Want to improve your English public speaking skills?
I will help you become a more confident and effective presenter,
so you can wow your clients and smash that deal or make that sale.
"Del is a very versatile English teacher, he is helping me on my accent reduction and business presentation skills which are key in my line of work. I been in IT consulting for last 16 years in London but never learned subtle details of giving a great presentation. Del is helping me on my tonality, pacing my speech with slides, body language etc. I highly recommend Del not just in English speaking but also Business Presentation skills for whole holistic approach."
Communication Skills - Public Speaking
20 Years Public Speaking Experience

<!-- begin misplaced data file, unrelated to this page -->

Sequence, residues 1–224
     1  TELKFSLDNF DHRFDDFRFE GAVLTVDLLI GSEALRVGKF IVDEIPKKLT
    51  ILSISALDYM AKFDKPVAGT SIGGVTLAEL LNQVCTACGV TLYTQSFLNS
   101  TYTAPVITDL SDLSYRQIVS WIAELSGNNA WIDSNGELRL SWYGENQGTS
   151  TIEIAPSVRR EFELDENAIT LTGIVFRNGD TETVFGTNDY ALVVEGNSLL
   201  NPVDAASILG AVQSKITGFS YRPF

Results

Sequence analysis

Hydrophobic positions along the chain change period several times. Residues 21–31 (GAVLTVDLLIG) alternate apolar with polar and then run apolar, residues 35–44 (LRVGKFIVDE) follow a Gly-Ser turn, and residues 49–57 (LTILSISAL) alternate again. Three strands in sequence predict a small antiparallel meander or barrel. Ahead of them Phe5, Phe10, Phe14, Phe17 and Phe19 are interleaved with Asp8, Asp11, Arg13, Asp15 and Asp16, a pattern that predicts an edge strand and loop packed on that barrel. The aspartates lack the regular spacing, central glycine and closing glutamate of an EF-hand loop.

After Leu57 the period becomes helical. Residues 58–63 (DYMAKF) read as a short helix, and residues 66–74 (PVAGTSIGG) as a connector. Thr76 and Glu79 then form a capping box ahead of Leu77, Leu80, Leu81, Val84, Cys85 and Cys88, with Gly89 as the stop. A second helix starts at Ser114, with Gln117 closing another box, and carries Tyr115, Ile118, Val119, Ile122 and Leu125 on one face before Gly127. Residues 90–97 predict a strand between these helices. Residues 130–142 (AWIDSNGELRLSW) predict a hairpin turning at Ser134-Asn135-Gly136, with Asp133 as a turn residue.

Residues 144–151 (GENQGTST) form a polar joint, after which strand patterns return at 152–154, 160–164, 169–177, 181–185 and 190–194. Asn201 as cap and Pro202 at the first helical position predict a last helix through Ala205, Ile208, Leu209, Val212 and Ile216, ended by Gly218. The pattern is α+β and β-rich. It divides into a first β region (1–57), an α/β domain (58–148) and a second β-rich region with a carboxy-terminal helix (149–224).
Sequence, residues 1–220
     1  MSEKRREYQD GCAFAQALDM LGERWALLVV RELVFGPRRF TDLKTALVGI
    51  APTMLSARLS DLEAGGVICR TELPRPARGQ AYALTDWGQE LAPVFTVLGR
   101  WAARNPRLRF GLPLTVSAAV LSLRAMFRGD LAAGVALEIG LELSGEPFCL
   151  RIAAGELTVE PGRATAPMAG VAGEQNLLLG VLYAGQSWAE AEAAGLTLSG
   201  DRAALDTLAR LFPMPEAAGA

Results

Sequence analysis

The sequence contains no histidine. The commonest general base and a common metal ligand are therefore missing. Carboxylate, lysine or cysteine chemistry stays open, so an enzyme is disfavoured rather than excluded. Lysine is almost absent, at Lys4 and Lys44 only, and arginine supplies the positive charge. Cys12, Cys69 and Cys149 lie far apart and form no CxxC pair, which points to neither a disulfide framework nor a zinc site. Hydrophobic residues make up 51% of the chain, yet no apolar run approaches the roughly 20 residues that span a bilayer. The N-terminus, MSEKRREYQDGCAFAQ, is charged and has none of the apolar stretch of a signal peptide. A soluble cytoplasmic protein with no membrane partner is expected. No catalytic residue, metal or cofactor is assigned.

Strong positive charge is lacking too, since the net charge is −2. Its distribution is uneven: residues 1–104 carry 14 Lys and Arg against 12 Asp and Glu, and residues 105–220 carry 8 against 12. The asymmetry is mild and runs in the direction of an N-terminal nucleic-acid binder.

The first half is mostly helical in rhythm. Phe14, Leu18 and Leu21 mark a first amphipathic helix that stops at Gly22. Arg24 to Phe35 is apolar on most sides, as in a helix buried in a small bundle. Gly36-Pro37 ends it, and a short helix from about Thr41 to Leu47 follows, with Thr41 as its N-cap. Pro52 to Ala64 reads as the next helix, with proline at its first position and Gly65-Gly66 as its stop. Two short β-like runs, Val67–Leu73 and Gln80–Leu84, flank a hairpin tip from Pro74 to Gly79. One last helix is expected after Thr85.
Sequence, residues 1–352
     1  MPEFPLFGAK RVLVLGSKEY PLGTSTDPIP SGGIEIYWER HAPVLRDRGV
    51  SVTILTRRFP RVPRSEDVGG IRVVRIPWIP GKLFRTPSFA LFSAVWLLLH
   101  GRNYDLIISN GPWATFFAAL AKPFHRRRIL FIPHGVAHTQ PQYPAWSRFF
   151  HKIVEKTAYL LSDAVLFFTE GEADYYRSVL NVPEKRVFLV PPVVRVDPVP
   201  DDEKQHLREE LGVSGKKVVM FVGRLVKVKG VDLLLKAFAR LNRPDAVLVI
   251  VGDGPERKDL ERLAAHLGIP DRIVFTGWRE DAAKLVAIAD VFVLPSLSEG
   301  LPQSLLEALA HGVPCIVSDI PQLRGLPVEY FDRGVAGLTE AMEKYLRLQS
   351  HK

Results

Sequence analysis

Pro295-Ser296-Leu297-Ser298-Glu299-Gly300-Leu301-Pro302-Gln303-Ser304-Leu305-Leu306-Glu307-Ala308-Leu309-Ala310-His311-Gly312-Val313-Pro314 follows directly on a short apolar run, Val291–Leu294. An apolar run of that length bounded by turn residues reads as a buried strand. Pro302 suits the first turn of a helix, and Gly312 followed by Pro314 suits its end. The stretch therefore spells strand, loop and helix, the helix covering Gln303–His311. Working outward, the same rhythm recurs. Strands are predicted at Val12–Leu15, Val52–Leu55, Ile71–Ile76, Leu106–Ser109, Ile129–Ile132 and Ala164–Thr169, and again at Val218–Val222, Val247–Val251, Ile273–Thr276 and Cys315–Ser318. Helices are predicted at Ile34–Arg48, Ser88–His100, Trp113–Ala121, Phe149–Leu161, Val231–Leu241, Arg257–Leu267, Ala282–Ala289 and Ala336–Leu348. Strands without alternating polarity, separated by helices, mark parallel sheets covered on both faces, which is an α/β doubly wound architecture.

What Are Presentation Skills?
The key to a good presentation is to get your message across in a clear, concise and effective way.
They are the skills you need to deliver engaging and effective presentations to a variety of audiences. These skills cover a range of areas such as the design of your slides, the structure of your presentation, the tone of your voice and body language.
The key to a good presentation is to get your message across in a clear, concise and effective way. Many people find this challenging and stressful, especially if English is not their mother tongue.
“I still get butterflies when I give presentations but now I just make them fly in formation.”
We’ve all had butterflies when speaking publicly. Your stomach ties itself in knots and you feel tense, dry mouth and strained breathing.